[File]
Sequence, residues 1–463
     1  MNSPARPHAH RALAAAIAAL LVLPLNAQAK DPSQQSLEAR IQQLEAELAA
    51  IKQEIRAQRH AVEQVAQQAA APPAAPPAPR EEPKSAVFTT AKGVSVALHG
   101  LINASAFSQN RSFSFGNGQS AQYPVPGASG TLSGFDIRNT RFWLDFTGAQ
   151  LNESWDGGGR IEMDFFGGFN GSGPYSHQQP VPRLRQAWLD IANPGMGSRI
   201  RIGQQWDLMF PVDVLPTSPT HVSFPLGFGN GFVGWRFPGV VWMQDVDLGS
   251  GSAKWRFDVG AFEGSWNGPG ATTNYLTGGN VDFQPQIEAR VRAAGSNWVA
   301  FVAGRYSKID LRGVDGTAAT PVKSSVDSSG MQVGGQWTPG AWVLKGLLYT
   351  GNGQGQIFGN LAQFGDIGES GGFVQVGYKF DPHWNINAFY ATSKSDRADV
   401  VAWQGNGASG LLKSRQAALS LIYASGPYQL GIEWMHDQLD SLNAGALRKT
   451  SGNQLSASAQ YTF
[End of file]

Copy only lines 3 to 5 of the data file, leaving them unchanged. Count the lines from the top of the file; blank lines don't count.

    51  IKQEIRAQRH AVEQVAQQAA APPAAPPAPR EEPKSAVFTT AKGVSVALHG
   101  LINASAFSQN RSFSFGNGQS AQYPVPGASG TLSGFDIRNT RFWLDFTGAQ
   151  LNESWDGGGR IEMDFFGGFN GSGPYSHQQP VPRLRQAWLD IANPGMGSRI